Legislative response to state Supreme Court’s McCleary mandate to fund basic education: “We tried. Wait until next year.”

The Legislature met its deadline to report to the state Supreme Court on progress toward meeting the McCleary funding requirements. (Background here.) The 58-page report did not lay out a specific, year-to-year funding plan, but did describe the progress lawmakers have already made, primarily in the 2013 legislative session. The committee charged with reporting to the Court explained some budget fundamentals, including how biennial budgeting works:

…the Legislature enacts appropriation policies for two years in a single piece of legislation. The budget approved for the 2013-15 biennium remains in effect from July 1, 2013, through June 30, 2015. In the second year of each biennium, the Legislature considers changes to the biennial budget enacted in the first year in a supplemental budget.

They point out that the supplemental budget enacted in the second year typically responds to changes in caseloads, enrollments and forecast revenues. It’s not a year for big policy changes. In other words, they explain why they didn’t do a lot in 2014 to address McCleary. The two-year budget adopted in 2013 handled most of what was possible, though they did make some policy and funding decisions last session that constitute ongoing progress.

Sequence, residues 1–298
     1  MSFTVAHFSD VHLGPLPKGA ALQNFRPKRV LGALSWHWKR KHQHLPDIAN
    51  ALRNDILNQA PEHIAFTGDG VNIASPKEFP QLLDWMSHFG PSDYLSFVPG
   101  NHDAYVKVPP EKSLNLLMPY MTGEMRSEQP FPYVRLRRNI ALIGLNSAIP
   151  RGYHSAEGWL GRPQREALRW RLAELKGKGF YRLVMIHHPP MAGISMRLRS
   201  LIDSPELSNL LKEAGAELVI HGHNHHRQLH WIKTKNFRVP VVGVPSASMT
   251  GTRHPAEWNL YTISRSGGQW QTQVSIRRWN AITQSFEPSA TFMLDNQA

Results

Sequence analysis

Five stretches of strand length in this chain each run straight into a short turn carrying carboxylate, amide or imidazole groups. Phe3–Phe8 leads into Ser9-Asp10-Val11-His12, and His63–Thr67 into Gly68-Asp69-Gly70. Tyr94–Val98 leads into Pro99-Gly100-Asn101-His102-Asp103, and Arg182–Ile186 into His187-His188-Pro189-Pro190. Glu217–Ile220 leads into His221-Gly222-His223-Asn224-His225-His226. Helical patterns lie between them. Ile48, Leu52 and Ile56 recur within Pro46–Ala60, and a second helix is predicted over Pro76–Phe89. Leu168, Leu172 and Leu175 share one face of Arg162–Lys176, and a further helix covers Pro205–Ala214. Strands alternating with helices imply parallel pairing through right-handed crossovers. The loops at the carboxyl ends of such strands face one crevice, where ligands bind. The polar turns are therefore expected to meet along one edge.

As the Seattle Times reports, lawmakers told the Court 2015 would be the big year. But, as the Spokesman-Review reports, lawmakers don’t quite know what that means.

As Rep. Chad Magendanz, R-Issaquah, said after the meeting, the committee can’t commit a future Legislature to any particular action.

“Coming up with the plan is not within the jurisdiction of this committee,” Sen. David Frockt, D-Seattle, said.

The News Tribune reports that the head of the State Board of Education also wonders what’s coming next.

Ben Rarick, director of the State Board of Education, said the report seems to mainly be a recitation of current law.

“If that’s essentially all they said,” he said, “one wonders what the purpose of the report is.”

The Court may also wonder.

Attorney General Bob Ferguson thinks that the Court should not rush to judgment, though. He points out that the Legislature made good faith efforts to meet the McCleary requirement in 2013 and 2014. The Everett Herald has the brief Ferguson filed. He says the Court should not complicate difficult negotiations and urges them to wait for 2015.

Actions taken in 2015 will be critical in putting the State on target for full compliance by 2018, and the Legislature hopes that the Court’s response to the attached Report will further facilitate, and not complicate, this endeavor, thereby allowing each branch to fulfill its constitutional role.

That would clearly be the right thing to do.

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